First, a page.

The space efficiency of an intermediate language is often equally as important as its time efficiency. The Java VcodeEmulation class and the existing CVL implementation use essentially the same data types, and so their memory usage per vector is similar. For example, a Java integer array of length occupies bytes in the Sun JDK, compared to bytes in a typical C implementation. However, the dynamic memory usage of the VCODE and Java interpreters differ. The VCODE interpreter is optimized for the case of a few big objects (vectors), whereas Java's general-purpose memory allocation mechanism is optimized for many small objects. In particular, the VCODE interpreter uses reference counting to determine when a vector is no longer used, and hence can reclaim its space immediately. The interpreter has to halt and compress vector memory only when it can no longer find a free fragment large enough to satisfy a request. By comparison, current Java virtual machines typically perform garbage collection only when the system is idle, when there is no longer enough free memory, or on demand.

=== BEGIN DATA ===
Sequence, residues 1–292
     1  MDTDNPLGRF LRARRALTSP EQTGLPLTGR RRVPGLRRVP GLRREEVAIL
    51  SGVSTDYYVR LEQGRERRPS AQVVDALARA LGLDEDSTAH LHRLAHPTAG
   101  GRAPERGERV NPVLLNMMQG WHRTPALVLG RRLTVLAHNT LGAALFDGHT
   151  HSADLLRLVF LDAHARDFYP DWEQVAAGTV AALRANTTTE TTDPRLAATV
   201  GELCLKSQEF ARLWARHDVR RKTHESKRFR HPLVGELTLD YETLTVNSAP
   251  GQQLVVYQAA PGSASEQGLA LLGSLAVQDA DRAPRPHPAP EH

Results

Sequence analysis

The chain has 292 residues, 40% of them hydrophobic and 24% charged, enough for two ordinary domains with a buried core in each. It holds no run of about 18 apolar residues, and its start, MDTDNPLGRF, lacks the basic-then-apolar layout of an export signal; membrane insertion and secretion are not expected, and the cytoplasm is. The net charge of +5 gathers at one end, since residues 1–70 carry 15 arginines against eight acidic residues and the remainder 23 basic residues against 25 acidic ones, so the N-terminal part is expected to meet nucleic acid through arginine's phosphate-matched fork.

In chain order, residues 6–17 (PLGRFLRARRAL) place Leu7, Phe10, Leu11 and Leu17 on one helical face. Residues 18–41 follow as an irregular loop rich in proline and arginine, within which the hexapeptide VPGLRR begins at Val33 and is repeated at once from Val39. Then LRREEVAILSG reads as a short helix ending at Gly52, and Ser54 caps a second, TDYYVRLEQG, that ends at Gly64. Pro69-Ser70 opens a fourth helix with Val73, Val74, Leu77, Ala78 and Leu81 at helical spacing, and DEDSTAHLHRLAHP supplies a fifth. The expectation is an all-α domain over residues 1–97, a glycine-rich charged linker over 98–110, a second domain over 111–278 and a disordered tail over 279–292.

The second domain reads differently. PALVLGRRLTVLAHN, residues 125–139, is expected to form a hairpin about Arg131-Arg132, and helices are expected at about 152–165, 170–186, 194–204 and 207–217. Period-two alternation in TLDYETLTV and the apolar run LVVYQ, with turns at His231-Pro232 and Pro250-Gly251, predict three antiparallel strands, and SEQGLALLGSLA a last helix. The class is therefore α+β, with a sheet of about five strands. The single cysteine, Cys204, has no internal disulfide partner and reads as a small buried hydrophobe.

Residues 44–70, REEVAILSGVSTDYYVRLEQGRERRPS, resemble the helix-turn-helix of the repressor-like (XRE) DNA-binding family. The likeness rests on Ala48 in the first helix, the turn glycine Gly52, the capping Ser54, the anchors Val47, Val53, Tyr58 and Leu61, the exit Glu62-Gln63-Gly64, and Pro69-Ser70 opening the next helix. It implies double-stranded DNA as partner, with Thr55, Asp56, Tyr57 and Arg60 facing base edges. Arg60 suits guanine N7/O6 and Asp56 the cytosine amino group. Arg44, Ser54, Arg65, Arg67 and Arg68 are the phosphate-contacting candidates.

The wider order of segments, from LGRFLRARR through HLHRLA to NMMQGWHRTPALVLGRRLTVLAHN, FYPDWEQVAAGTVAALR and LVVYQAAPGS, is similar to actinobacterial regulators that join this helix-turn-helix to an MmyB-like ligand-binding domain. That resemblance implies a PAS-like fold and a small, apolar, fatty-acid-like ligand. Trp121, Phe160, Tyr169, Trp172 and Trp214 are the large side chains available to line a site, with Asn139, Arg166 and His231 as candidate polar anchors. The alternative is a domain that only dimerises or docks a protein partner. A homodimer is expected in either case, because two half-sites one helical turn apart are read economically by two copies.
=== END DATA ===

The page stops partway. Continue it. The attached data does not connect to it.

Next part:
As an example, the VCODE interpreter requires just over 1.75 MB of heap to run the line-fit benchmark on input vectors of length (65536) without performing memory compaction. A double-precision floating-point vector of this length requires 0.5 MB of memory, so the VCODE interpreter is storing at most three of these vectors at any one time. The JDK Java interpreter using the original VcodeEmulation class requires 8.5 MB of heap to run the same benchmark without triggering a garbage collection, because it cannot implicitly reclaim the space used by the temporary vectors that the benchmark generates. We therefore extended VcodeEmulation to reuse the last vector popped from the top of the stack whenever possible (i.e., whenever the vector is of the right length and type to be used for a result). This modification reduces the minimum Java heap size required to run the benchmark without garbage collection to 3.5 MB, and all benchmark results are for this modified version of VcodeEmulation. A full reference-counting algorithm similar to that employed by the VCODE interpreter would probably reduce the memory usage still further. This would effectively be implementing a second level of garbage collection specialized for our particular language, which has rather unusual memory usage characteristics.